Four batches of the viscous dispersion from the pulper are mixed in the machine chest, equipped with a non-stapling agitator. Then, utilizing the procedure of Example 1, the contents of the mixing chest are: first diluted in a Vanductor, with five volumes of a compatible, white water; diluted again with four volumes of a compatible, white water; and wet-laid on a forming wire to form a non-woven, polyester web, having essentially no knits, bundles or strings.

EXAMPLE 3

Batches of a viscous, air (about 40% by volume)-fiber-water dispersion are formed by the steps of: high-shear agitating in a pulper a mixture of water, 0.6% by volume of an aqueous, 25% by weight solution of Collacral DS-2017 polyacrylate dispersant, and 2.5% by volume of an aqueous, 28% by weight solution of Acrysol ASE-60 polyacrylic acid dispersant (Available from Rohm and Haas Corp., Philadelphia, Pa.); adding 10 lbs. of 1.5 denier by 3/4 inch polyester fibers to the agitated mixture in the pulper; high-shear agitating the fiber containing mixture for 10 minutes; neutralizing (to a pH of 7) the agitated mixture with 1-N sodium hydroxide; and then, slowly adding, over a 10 minute period, 0.6% by volume of an aqueous, 10% by weight solution of Acrysol HV-1 sodium polyacrylate thickener (Available from Rohm and Haas Corp., Philadelphia, Pa.).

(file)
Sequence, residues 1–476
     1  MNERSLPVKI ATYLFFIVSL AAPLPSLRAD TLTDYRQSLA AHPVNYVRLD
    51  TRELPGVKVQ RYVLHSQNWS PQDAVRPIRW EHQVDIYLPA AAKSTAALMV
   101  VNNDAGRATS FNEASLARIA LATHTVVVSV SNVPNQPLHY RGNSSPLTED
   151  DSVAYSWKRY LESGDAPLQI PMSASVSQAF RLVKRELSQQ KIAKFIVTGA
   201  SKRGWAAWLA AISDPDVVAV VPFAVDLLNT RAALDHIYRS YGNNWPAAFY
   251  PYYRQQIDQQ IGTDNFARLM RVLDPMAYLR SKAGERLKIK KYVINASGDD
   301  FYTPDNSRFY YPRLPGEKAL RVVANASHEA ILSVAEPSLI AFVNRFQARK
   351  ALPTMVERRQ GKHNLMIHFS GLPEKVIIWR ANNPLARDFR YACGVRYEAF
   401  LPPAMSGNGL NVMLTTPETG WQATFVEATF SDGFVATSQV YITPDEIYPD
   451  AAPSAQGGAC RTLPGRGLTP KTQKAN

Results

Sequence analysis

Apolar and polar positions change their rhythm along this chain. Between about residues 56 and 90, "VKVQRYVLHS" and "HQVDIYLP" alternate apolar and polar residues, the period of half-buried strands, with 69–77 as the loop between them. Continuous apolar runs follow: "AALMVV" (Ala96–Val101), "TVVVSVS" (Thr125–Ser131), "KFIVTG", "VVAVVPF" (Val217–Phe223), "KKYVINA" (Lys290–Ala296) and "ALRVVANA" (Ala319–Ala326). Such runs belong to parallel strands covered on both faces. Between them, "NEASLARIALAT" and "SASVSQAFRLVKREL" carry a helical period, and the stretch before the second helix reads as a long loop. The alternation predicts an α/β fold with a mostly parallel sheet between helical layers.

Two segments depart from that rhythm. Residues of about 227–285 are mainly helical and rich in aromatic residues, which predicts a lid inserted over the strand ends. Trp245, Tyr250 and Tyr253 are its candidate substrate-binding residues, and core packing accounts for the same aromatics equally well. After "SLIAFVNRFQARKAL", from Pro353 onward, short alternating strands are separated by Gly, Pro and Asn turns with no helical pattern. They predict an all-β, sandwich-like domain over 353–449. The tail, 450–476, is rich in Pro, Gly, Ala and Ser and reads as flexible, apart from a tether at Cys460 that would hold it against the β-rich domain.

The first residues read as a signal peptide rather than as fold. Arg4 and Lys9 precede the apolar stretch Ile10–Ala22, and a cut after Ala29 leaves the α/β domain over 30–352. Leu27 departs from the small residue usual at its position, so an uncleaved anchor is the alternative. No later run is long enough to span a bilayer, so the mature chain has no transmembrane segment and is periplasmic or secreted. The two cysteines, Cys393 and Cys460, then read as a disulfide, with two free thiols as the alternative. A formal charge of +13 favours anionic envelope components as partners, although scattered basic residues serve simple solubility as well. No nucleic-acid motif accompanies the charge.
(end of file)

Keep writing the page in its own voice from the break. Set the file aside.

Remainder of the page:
The batches of the viscous dispersion from the pulper are mixed in a mixing tank (equipped with a non-stapling agitator) with three volumes of a compatible, viscous, diluting medium to form a diluted, viscous dispersion containing about 10% by volume of entrained air. The diluted, viscous mixture is then dropped to the machine chest (equipped with a non-stapling agitator), diluted, and wet-laid on a forming wire, in accordance with the procedure of Example 2, to form a non-woven, polyester web, substantially free of knits, bundles and strings.